Matilda (or Maude) of England, perhaps more commonly known as Empress Matilda, was the only legitimate daughter of King Henry I of England and Matilda of Scotland. When her only brother, William Adelin, died in the White Ship disaster of 1120, it left Henry I without a male heir and he therefore designated Matilda his heir.
At the age of 12, Matilda had been married to the future Holy Roman Emperor Henry V. They were crowned in 1116 and henceforth Matilda was known as Empress Matilda. Henry V died in 1125 and left Matilda a widow at the relatively tender age of 23. However, as Matilda was her father’s heir, she couldn’t remain childless and Henry I began looking for an appropriate husband for her. He found the 13-year-old Geoffrey of Anjou they married in 1128. This second marriage produced three sons: Henry, Geoffrey and William.
Circumstances would have it that Matilda was in Normandy, pregnant with her third son, at the time of her father’s death in England in 1135. Her cousin, Stephen of Blois, saw this as a perfect opportunity to seize the throne for himself and so he did, backed by the crowds in London. As Matilda refused to give up her right to the throne, this led to year of civil war and unrest in England, a period known as The Anarchy, that did not end till 1154 when Stephen agreed to name her eldest son, Henry (later King Henry II), his heir.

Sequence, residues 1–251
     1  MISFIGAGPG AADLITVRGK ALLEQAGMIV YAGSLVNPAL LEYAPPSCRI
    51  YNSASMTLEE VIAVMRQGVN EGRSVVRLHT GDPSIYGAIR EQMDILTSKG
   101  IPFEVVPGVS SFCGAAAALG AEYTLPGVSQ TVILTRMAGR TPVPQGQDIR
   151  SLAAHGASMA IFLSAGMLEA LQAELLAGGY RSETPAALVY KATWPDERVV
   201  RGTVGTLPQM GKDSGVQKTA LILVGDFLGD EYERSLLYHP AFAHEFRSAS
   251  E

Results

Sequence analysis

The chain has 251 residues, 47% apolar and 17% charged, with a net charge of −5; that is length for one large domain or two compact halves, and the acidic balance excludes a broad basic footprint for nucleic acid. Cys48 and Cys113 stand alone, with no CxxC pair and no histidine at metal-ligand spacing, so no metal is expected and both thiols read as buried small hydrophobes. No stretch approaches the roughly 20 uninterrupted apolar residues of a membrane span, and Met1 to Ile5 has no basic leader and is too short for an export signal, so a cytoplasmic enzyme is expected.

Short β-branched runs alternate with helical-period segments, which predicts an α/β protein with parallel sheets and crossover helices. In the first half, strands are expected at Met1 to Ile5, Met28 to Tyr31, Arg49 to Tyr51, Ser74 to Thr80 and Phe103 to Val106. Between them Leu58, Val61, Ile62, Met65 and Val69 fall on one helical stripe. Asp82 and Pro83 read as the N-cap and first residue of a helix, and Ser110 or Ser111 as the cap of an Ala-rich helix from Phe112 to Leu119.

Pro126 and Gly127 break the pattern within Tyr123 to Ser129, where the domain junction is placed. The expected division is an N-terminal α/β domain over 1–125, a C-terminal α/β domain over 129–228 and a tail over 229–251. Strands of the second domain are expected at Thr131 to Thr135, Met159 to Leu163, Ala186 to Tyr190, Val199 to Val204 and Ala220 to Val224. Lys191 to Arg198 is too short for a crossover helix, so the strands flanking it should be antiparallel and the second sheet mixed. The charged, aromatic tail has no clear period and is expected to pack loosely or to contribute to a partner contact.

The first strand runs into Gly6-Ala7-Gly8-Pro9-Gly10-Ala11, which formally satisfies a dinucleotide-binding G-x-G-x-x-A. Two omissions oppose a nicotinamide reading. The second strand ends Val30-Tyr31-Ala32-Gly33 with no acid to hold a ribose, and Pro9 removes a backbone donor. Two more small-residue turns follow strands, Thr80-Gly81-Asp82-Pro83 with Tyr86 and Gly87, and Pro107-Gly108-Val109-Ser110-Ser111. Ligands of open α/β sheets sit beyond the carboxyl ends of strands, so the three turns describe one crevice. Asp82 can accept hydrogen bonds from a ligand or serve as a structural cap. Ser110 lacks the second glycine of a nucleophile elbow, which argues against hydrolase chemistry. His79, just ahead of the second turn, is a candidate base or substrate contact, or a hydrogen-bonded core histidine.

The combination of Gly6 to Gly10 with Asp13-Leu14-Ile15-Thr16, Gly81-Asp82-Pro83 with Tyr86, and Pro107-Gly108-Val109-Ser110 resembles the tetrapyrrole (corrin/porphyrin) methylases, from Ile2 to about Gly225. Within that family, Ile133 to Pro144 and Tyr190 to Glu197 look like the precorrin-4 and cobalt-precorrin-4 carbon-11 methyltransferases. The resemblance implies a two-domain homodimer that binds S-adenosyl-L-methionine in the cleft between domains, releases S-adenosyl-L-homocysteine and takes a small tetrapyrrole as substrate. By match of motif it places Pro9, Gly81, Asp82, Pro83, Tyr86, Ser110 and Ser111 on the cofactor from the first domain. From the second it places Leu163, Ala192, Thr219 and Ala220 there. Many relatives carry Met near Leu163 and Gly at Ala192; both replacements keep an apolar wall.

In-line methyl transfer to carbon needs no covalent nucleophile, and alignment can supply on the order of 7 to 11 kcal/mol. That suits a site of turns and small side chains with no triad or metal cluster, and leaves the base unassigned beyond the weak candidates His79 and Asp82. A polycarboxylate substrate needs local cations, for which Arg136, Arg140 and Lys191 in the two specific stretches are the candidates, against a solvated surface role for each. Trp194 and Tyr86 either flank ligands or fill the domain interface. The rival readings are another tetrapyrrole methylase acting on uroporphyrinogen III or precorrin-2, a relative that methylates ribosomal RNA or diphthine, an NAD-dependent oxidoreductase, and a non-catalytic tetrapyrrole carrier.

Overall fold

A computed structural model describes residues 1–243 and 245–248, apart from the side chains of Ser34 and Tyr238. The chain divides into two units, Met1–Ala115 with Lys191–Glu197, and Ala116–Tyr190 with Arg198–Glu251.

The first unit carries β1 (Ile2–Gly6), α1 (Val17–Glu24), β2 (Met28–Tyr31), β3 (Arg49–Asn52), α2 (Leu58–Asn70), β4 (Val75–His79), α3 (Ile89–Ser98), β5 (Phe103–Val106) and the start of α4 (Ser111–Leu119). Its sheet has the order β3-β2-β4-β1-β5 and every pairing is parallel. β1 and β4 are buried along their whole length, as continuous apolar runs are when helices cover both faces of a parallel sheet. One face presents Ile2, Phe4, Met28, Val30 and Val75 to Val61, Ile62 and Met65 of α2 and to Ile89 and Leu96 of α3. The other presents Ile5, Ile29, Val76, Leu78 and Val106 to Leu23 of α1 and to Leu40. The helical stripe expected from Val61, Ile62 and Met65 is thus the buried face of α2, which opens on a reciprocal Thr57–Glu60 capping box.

In April 1141, Matilda and her forces did manage to capture Stephen at the battle of Lincoln and technically, she was the ruler of England for nine months. However, the reason why she isn’t widely recognised as the first female ruler of England is that during these nine months, she never managed to get crowned or consolidate her rule. Instead, she assumed the title Lady of the English. In November 1141, she was forced to give up her throne when her half-brother and most loyal supporter Robert of Gloucester was captured by Stephen’s forces. Matilda, however, never stopped campaigning for her and her son’s rightful claim to the English throne and she lived to see her son ascend to the English throne as Henry II in 1154.